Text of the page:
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5 Habits of Highly Successful People

Published on 10/1/2015 by K Scott

“If you don’t know where you’re going, you might end up some place else.”
– Yogi Berra

Success, unlike most other pursuits in life, is not a journey. It’s a destination. Unless you’re one of the lucky few who have had prosperity-laden lightning bolts strike them twice after scratching the winning lotto ticket, you have to have a game plan in effect to score that winning touchdown.

While there is no set roadmap for achieving professional nirvana, here are five tips to keep in mind as you trek along the professional trail to Success Mountain.

1. Look for opportunities where others see nothing.
Louis Pasteur discovered a treatment for a disease you may have heard of: rabies. Where others threw their hands up and believed there would never be a way to rid the world of this malady, Pasteur looked in their direction, said, “Pffft!” and burned the midnight oil until he reached his goal.

2. Others may be more talented but effort and enthusiasm can trump ability.
Tim Tebow is to elite quarterbacks what Burt Bacharach is to heavy metal. Tim’s throwing style can be described as a duck dying in slow motion while nose diving. But Tebow has been a winner at the high school, collegiate, and, to an extent, the NFL level. His heart is larger than a defensive tackle’s belly after an all-you-can-eat pasta buffet, and he leaves all he has on the field. Even when he’s not in the game, he’s pumping up his teammates.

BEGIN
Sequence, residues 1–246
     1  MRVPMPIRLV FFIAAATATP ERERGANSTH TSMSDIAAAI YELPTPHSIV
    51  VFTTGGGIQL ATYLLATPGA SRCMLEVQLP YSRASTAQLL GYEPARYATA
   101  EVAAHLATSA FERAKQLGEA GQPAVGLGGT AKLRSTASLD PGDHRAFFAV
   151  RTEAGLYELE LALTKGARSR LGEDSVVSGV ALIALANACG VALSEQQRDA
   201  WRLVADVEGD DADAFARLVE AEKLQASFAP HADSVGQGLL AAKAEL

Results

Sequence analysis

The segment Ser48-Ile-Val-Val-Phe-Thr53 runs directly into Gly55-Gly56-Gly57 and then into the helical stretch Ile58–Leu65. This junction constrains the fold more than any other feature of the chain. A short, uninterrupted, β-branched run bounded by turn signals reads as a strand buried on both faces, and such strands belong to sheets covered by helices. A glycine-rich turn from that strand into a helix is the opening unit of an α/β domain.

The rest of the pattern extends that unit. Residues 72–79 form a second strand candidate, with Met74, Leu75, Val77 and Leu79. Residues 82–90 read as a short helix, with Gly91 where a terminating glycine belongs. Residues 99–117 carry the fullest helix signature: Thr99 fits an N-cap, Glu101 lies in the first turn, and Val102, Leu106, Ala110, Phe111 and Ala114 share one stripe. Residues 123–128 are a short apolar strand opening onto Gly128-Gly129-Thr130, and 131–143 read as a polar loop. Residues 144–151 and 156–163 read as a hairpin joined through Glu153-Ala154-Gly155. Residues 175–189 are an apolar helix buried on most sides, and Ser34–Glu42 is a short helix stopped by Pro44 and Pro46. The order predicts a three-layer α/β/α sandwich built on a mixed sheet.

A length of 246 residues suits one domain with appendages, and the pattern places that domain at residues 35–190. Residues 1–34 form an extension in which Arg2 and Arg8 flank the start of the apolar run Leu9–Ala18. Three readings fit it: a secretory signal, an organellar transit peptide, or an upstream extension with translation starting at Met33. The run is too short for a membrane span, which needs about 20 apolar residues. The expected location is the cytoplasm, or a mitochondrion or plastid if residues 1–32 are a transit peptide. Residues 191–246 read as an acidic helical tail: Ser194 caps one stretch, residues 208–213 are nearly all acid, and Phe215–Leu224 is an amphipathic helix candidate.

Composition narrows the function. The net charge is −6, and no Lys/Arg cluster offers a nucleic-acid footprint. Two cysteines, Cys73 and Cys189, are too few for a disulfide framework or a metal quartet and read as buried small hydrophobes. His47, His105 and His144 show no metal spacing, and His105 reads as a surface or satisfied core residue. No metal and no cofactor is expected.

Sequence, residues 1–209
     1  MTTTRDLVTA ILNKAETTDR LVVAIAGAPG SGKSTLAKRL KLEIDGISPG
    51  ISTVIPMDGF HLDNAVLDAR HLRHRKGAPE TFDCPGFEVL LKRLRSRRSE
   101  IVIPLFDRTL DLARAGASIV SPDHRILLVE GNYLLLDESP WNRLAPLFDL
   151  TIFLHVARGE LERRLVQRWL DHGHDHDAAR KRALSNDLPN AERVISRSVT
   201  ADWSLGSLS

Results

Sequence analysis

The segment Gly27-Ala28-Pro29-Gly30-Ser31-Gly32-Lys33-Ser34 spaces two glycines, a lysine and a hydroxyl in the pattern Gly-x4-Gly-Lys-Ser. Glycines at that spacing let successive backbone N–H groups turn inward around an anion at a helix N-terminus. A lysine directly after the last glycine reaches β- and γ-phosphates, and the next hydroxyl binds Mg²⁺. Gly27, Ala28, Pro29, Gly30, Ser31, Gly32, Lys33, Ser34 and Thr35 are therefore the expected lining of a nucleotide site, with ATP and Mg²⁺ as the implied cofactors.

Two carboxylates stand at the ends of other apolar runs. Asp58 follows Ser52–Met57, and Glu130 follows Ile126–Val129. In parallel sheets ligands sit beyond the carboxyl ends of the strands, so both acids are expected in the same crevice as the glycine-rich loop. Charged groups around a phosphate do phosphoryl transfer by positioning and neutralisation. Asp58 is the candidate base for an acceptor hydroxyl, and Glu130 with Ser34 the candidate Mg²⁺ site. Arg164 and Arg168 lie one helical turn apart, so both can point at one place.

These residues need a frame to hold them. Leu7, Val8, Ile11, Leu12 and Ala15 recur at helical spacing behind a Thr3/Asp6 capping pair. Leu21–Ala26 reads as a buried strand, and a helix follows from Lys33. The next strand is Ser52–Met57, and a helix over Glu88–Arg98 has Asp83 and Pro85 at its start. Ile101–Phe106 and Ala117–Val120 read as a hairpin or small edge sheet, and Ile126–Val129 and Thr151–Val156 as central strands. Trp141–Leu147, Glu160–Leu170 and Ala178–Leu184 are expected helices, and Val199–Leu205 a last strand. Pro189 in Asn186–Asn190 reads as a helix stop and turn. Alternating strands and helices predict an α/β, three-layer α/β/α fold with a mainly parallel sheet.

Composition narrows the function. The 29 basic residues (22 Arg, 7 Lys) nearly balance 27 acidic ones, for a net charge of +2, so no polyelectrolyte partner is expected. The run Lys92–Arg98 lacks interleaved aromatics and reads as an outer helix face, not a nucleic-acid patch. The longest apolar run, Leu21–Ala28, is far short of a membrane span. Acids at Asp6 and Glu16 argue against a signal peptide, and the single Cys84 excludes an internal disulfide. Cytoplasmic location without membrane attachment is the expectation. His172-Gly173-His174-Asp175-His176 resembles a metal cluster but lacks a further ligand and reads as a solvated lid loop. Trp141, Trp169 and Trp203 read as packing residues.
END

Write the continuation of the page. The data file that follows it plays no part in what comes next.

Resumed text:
3. Visualize and plan the result(s) you wish to achieve. 
You gotta see it to be it, right?

4. Don’t hang out with negative people.
You are the company you keep, as the old saying goes. There’s a sort of subliminal peer pressure to be like the crowd you’re in so, for best results (and the good kind of peer pressure), hang out with positive and success-driven people.

5. Swim against the tide.
When others are playing, you’re working. While others rest, you’re hustling. Don’t go with the flow if it keeps you from realizing your goal(s)

6. Don’t rationalize failure.
Use it as a learning tool, yes, but don’t make excuses. It wasn’t your dog’s fault, it wasn’t because it was too hot. Find out what went wrong, correct it, and push on!

But you listed six reasons, Mr. Writer Guy, not five!

Yes, I did, didn’t I? Highly successful people tend to give more than is required.